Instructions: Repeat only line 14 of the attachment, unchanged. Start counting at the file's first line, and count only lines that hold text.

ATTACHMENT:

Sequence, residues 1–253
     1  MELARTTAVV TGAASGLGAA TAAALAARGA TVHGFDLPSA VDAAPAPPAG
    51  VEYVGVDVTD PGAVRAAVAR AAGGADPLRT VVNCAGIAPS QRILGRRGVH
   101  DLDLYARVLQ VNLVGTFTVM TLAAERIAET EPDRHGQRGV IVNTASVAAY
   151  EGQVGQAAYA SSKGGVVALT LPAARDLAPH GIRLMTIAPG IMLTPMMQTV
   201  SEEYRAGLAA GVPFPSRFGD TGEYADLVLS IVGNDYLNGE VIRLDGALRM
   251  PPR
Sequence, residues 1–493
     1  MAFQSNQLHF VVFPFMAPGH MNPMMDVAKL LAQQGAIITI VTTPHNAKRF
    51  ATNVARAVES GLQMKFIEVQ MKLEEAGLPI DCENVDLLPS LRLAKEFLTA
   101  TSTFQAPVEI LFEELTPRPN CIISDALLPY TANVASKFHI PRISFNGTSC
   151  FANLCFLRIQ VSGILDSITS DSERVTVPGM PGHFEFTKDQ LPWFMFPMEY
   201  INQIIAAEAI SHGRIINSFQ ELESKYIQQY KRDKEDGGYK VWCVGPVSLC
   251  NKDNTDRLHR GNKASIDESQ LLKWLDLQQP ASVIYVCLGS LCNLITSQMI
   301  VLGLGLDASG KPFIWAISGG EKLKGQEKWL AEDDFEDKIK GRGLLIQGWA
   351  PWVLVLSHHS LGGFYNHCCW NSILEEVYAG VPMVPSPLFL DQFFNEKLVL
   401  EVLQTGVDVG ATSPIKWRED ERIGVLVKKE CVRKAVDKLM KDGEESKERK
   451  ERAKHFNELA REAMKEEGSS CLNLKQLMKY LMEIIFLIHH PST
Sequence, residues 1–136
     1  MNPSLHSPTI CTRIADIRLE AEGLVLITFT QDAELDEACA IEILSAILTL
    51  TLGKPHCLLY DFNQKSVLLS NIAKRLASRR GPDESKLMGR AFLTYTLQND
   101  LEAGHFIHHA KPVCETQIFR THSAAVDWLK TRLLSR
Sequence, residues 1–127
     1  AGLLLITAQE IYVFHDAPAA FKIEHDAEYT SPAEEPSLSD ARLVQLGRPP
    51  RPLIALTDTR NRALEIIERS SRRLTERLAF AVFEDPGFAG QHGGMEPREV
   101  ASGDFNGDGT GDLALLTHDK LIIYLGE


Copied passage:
   251  NKDNTDRLHR GNKASIDESQ LLKWLDLQQP ASVIYVCLGS LCNLITSQMI